Interactive tool tracks the declining affordability of New York City

Posted On Wed, June 6, 2018 By

Posted On Wed, June 6, 2018 By In affordable housing, Policy

Phoo via CC0 License

Between 2005 and 2016, the cost of basic needs like housing, transit, food and healthcare has grown at twice the rate of incomes in New York City, according to a new report released by City Comptroller Scott Stringer on Monday. Stringer’s office created a first-of-its-kind Affordability Index to track how much money New Yorkers have left over after taxes and basic expenses. The numbers are not comforting. The report found that single adults living in NYC had just $641 leftover after taxes and basic expenses in 2016, compared to $831 a decade ago.

“Over the last decade, the money that New Yorkers could be putting away – for retirement, for college, or even for a simple family night out – has been shrinking,” Stringer said in a press release. “Our growing affordability crisis is making it harder for families to enjoy a basic middle-class lifestyle – and is forcing them to choose between staying in New York City and leaving.”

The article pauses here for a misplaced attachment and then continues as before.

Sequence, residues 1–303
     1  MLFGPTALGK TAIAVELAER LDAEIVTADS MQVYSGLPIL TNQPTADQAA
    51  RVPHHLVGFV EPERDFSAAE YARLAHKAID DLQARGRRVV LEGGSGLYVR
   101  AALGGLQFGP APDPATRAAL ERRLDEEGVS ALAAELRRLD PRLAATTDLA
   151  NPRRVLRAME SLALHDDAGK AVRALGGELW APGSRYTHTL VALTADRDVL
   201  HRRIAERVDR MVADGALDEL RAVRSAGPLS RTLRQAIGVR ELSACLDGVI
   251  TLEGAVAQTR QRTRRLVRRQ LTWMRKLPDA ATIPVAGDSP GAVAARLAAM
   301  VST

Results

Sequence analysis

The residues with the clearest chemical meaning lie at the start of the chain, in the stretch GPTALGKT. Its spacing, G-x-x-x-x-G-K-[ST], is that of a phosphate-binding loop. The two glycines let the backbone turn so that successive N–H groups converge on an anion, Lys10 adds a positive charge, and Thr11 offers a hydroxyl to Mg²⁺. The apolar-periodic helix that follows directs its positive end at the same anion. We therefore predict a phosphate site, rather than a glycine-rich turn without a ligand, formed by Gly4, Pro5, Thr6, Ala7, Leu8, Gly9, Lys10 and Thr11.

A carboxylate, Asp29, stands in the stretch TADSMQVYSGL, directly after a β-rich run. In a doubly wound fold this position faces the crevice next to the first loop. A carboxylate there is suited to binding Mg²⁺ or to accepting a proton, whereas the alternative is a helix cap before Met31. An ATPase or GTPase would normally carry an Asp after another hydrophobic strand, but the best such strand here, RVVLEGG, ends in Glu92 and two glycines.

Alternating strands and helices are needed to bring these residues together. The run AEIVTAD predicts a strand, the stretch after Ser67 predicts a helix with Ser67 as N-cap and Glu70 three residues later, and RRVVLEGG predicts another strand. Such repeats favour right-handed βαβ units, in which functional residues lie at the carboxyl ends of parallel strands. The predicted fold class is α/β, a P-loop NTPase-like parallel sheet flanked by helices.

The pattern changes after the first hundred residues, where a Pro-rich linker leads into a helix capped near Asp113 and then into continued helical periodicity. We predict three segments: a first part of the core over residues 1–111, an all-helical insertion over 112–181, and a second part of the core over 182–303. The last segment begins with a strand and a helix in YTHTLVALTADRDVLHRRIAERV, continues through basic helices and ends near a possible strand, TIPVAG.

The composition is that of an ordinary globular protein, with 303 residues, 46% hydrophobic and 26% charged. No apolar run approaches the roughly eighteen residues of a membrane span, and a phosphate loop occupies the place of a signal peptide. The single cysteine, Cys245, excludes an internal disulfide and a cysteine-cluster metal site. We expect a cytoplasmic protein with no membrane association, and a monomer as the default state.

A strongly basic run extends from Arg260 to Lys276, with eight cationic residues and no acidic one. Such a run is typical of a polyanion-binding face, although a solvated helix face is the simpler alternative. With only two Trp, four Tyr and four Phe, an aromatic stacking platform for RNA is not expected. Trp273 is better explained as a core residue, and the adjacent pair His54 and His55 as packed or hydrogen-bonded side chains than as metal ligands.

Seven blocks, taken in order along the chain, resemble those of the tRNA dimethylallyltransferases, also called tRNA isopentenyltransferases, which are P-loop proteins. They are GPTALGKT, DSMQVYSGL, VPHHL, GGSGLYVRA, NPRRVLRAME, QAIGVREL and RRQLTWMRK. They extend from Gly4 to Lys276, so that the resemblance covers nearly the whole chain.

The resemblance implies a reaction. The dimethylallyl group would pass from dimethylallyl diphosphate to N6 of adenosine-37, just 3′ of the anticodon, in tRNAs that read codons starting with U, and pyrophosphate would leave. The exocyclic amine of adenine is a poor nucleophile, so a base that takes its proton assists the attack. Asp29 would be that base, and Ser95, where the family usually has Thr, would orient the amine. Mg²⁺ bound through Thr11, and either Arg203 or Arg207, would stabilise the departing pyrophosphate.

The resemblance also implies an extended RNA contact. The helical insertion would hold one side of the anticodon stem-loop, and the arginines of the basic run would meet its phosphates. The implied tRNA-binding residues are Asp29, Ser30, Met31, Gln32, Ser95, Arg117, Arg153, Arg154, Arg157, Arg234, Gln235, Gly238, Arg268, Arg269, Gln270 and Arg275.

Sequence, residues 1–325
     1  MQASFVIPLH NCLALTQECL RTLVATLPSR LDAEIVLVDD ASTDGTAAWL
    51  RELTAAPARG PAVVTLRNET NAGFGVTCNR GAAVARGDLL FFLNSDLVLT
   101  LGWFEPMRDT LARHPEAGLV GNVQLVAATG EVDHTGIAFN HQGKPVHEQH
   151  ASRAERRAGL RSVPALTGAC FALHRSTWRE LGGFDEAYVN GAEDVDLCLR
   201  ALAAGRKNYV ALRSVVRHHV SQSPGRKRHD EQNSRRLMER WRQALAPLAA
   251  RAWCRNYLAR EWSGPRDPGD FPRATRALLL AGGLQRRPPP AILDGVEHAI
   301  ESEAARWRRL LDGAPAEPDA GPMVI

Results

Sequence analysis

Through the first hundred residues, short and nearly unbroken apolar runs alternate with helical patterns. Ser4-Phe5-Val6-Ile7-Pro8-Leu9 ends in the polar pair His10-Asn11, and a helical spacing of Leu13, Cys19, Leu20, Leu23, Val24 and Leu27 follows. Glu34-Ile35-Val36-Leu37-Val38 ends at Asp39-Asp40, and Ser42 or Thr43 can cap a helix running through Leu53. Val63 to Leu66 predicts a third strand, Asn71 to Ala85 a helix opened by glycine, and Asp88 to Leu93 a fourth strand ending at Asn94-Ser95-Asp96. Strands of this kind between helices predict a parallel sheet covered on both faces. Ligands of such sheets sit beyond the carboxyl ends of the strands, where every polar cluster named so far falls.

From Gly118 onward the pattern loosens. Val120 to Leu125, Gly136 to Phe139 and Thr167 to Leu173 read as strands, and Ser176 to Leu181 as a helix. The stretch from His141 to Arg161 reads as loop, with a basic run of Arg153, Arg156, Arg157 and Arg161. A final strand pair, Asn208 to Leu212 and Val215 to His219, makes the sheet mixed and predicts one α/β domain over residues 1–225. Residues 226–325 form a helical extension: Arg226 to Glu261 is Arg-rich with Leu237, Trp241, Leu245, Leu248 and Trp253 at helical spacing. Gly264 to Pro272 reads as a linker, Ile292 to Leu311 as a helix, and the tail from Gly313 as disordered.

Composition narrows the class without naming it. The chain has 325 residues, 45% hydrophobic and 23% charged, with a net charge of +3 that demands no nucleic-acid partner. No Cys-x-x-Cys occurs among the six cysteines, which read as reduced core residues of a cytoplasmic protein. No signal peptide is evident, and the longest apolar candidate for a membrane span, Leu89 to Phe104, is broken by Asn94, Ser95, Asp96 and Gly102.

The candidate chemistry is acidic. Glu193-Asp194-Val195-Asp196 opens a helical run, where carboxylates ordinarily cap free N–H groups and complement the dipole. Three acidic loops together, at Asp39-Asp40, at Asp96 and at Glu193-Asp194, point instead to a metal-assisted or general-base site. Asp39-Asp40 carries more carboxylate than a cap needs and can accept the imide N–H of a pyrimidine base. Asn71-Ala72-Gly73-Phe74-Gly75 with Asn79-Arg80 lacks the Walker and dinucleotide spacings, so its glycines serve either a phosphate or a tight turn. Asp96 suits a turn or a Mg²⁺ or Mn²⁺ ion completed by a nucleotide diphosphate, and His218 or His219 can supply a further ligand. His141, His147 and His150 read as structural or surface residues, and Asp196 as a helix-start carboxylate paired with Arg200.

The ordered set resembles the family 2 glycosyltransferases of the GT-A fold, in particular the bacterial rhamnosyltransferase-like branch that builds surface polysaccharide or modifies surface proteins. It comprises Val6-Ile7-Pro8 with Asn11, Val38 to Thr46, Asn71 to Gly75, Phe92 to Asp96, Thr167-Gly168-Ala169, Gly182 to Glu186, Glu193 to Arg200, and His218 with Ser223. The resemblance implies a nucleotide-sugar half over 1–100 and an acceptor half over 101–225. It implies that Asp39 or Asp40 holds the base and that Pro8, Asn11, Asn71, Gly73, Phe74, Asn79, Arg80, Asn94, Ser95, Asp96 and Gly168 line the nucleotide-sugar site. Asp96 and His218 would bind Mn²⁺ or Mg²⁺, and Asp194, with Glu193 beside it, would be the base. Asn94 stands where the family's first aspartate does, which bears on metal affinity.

The comptroller’s Affordability Index calculates a basic budget for four household types based on middle income for the year 2016. According to the report, basic expenses including rent and utilities, food, transportation, health care, child care and other necessities like clothing and household products, made up about 70 percent of average household spending in the New York Metro area.

Stringer found single parents with two children have the hardest time affording basic necessities in NYC. Since 2005, single adults with children saw basic expenses rise by over $1,200 each month, outpacing income growth by over 40 percent.

Household incomes increased by just 2.7 percent per year for a single parent with two children, 1.8 percent for a single adult, 2.9 percent for a married couple and 3.3 percent for a married couple with two children. The rate of median rents has soared on average by 4 percent per year, a jump of nearly 50 percent since 2005.

The index will be updated annually to monitor the economic distress felt by these four typical household types. Explore the index here.


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